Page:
When I began deer hunting in Greene County years and years ago, there were no wild hogs, at least none that I saw. Then, a couple of years later, while easing down a swamp road on the way to my stand, a huge boar came barreling out of a marsh, stopped and stared me straight in the eye less than 10 yards away.
He was dripping wet from splashing through the water, and suddenly I was dripping wet from, well, something else. No, I didn't really wet my pants, but if I had, I surely wouldn't admit it!
Needless to say, I stood as still as a rock, albeit a nervous rock. I dared move only my eyes, looking for a tree to climb. But none with limbs low enough for me to reach did I find. So, we just stared at each other for a moment.
You'd have thought that all I had to do was raise my gun and blow him away, simple as that. Trouble is, I was hunting with a bow, and all my arrows were tucked away safely in my quiver. It took some time, but eventually I got the nerve to slowly reach for an arrow. When I did, the ol' hog grunted, in pig language, as if to say, “You're dead!” And I thought I was.
I figured he'd charge at the blink of an eye, but I had no choice, so somehow I managed to get an arrow in position and came to full draw. Talk about nervous! My bow arm was shaking like a leaf, and my arrow was making circles like a hoola-hoop.
But luck was on my side and when my sight pin came remotely close to my target, I released the razor-tipped arrow and hit the hog square in the throat, burying the arrow clean up to the feathers. Fortunately, the porker turned and ran directly away from me, and I'm sure I'd have seen the arrow sticking out his hams like it was on a rotisserie, but this hog was far too big, and the arrow would have had to be four feet long to exit out his, uh, you know.
Regardless, I was quite relieved as I listened to him run back through the swamp, splashing water for what seemed like five minutes. When all grew silent, I drove into town, borrowed a gun from a friend and returned to take up the trail just as it was getting dark. What? Did you think I'd trail a massive wounded hog with only a bow? And trail, what trail? There was no blood trail in the swamp water, but I looked and looked and looked before finally giving up.
That was my first encounter with wild, or feral hogs in Greene County, but certainly not my last. Oh, I'll admit it was a lot of fun at first, because if the deer weren't stirring, I could pretty much count on getting a pig. But sadly, now the deer population has thinned immensely in that area. The poor deer have literally been eaten out of house and home in some areas by these, the most prolific large mammals in North America.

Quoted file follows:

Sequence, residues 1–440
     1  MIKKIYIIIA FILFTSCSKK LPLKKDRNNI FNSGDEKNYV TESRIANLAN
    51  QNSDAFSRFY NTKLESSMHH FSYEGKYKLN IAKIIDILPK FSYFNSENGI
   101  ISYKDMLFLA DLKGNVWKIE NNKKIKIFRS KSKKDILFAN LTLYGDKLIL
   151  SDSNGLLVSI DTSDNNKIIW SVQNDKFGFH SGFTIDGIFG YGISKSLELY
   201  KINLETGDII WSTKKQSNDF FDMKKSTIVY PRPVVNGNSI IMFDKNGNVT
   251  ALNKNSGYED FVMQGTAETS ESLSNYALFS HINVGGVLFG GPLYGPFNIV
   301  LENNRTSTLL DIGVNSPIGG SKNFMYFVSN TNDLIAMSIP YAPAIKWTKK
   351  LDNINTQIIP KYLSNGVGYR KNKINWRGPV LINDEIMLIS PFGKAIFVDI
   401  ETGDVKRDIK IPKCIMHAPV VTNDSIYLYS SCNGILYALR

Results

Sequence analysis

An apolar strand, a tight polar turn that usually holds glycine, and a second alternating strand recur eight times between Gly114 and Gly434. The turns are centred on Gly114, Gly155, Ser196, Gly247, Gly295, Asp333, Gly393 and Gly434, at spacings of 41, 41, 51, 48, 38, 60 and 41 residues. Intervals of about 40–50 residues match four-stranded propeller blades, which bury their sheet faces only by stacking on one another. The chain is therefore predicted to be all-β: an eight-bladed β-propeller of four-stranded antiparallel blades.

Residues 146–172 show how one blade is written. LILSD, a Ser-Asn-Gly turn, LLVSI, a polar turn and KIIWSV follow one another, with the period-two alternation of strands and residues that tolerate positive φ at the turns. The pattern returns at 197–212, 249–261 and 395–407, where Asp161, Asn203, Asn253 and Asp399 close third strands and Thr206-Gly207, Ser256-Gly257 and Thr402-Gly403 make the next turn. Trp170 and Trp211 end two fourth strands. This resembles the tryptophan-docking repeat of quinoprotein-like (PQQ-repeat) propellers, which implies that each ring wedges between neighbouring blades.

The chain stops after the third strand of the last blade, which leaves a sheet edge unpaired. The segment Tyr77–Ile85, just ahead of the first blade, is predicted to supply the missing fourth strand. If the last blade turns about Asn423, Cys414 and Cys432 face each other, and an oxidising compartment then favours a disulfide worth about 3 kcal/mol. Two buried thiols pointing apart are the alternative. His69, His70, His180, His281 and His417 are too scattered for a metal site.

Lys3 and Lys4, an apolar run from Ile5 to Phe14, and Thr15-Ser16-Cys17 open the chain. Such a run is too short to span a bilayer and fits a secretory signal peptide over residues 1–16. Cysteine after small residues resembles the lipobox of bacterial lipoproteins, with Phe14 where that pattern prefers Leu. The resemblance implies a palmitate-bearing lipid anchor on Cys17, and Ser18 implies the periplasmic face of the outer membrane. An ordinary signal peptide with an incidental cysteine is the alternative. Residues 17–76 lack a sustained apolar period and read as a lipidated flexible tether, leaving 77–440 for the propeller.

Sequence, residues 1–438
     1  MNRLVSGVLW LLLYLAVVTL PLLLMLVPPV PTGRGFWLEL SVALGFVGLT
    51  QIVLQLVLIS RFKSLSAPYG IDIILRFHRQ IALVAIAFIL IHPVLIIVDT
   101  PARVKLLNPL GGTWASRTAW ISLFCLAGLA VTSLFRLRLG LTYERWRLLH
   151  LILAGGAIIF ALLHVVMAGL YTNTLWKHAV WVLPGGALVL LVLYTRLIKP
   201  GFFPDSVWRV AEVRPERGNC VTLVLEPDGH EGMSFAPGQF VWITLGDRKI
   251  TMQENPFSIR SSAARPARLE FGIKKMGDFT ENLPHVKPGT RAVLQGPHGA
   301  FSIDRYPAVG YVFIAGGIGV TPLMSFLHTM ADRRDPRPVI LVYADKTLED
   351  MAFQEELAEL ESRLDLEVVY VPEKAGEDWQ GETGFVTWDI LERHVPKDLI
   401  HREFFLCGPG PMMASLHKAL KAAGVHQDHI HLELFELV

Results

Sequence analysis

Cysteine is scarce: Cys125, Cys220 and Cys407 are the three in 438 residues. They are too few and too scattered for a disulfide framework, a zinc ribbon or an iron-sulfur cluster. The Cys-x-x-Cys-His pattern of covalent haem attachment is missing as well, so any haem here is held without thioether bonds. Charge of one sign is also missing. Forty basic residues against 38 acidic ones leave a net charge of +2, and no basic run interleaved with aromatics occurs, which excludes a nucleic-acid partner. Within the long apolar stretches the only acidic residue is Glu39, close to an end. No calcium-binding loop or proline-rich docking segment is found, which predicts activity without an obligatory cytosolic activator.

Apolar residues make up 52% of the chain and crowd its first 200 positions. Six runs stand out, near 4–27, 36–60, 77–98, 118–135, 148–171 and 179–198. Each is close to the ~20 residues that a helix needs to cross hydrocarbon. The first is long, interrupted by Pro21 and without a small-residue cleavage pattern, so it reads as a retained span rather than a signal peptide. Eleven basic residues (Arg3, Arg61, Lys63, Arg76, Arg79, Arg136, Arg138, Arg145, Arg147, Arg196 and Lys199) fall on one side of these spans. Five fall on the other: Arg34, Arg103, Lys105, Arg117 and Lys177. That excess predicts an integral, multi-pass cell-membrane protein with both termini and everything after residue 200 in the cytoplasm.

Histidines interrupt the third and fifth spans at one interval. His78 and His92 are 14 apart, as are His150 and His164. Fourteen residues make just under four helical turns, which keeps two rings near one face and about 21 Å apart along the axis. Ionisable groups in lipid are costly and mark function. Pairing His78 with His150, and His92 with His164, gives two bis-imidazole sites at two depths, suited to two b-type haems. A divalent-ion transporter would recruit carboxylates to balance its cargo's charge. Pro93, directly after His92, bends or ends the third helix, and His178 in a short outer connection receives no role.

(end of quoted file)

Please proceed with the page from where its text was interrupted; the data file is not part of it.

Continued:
But deer are not the only native game negatively impacted by the invasion of feral hogs. Wild hogs will eat anything that doesn't eat them first. They scarf up acorns like a vacuum cleaner; I've seen 'em do it. And those are acorns that deer, turkey, squirrels and other game species depend on. They eat quail and turkey eggs, even young birds and fawns. They eat and root up food plots, as well as native browse.
It gets worse: Feral hogs cause $1.5 billion or more in damage each year to levees, crops, pastures, food plots, forests, wetlands, roadbeds and on and on. Man is really the feral hogs' only natural enemy, and if we, especially the sportsmen, don't step up and do something about this expanding problem, the next thing we know the wild hogs will have voting rights.
There are at least a couple of sportsmen in the Pine Belt area, both friends of mine (I only have two friends) who are doing more than their fair share to combat the feral hog invasion. Earl “The Pearl” Sellers, of Purvis, works at Longleaf Plantation, a commercial hunting operation near Purvis, where he hunts and traps wild hogs almost on a daily basis. He sends me photographs of the hogs regularly, too. Trouble is, sometimes it's hard to tell the hog from Earl (now I have only one friend)!
Chip “The Chipster” Tatum, of Hattiesburg, is another dedicated hog slayer. He, too, often sends me pictures of some monsters he killed all across Mississippi. I really don't know whether Chip does it as a hobby or job, but he does a great service either way by taking out as many pigs as he does. Thanks to both Earl and Chip for the support your photos give this Weekly Mistake, and for the service you do for the sportsmen of Mississippi by helping keep feral hogs in check. With your service, future sportsmen and women will have preferred native game to hunt, photograph or simply enjoy watching.
Speaking of future sportsmen, I can't think of a better way to create more of them than by taking a kid hunting, fishing, camping or hiking … every time you can, like today!
PineBelt News outdoor writer Phil DiFatta may be reached for story ideas, comments and photos by emailing him at firstname.lastname@example.org, and he encourages both his readers to do so. Readers may also text photos and announcements, with contact info, to 601-596-4475.